"We focus far too much on individual personalities," remarked Errol Mendes, a law professor and international business law expert at the University of Ottawa.

The fundamental problem is that Europe's sovereign debt problems far exceed the measures so far proposed for the euro zone, Prof. Mendes said. Italy's €1.8-trillion ($2.5-trillion) debt alone dwarfs Europe's proposed €1-trillion bailout fund for the 17-member euro area. And financial derivatives linked to sovereign bonds could exacerbate potential contagion.

"Greece is just a minor problem compared to what could happen to Italy," Prof. Mendes said. "Is Berlusconi relevant? No, he's just a diversion."

Still, the market is taking his departure "as a generally positive sign," said Mark Chandler, head of Canadian fixed income and currency strategy at RBC Dominion Securities. "The most positive would be if they ended up getting a strong consensus [on reform]"

Meanwhile, any positive reaction in the bond market is bound to be muted, particularly if members of Mr. Berlusconi's inner circle remain in positions of influence. And bond yields, which have already spiked to record euro-era levels in Italy and the smaller peripheral euro members, could rise even more sharply in coming days and weeks.

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Italian yields, which hit 6.77 per cent on Tuesday, "are headed toward 10 per cent, with or without Berlusconi," said Carl Weinberg, chief economist at High Frequency Economics in Valhalla, N.Y.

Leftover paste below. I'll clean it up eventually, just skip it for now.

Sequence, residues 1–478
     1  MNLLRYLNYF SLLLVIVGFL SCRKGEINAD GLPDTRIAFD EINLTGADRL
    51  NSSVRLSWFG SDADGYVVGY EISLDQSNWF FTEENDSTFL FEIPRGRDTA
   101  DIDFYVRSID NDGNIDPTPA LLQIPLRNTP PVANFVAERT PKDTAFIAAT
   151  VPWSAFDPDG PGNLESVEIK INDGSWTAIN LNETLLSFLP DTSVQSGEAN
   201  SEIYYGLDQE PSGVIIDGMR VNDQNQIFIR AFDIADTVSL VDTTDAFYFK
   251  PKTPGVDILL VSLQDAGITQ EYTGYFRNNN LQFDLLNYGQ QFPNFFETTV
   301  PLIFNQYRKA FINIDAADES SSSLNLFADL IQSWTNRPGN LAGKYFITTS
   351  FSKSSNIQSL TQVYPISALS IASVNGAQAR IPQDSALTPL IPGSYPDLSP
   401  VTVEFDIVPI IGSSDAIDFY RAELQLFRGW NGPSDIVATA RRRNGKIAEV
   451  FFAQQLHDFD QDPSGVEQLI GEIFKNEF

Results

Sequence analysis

Investors will be demanding the higher premiums, in the wake of a ruling by the International Swaps and Derivatives Association that so-called voluntary haircuts of 50 per cent on Greek debt held by European banks do not constitute an actual default. That means credit default swaps purchased as insurance for the bonds will not be triggered. As a result, holders of Italian and other troubled euro-zone debt will seek wider yields to replace the swaps hedges that could end up being worthless.

Europe's woes go way beyond Italy and Mr. Berlusconi, said Carleton University business professor Ian Lee. To become competitive, Italy, Greece, Spain and Portugal must all radically restructure their economies by selling off government-owned businesses, increasing labour mobility and allowing more foreign competition.

As the rest of the world grapples with the European crisis, key financial leaders may meet earlier than expected. The G20 finance ministers are scheduled to meet in Mexico in February.

"France is the chair of the G20 now until the end of the year, and the French may decide to have us meet again," Finance Minister Jim Flaherty said Tuesday.

The chief issue, he said, resides in determining "the exact size of the European facility and how it will be used in order to construct a firewall that will protect the rest of the European countries."

The concern, he added, is global "contagion arising out of the sovereign debt situation in certain countries and the consequences of that on the banking system in Europe."

With files from reporter Nathan VanderKlippe in Calgary.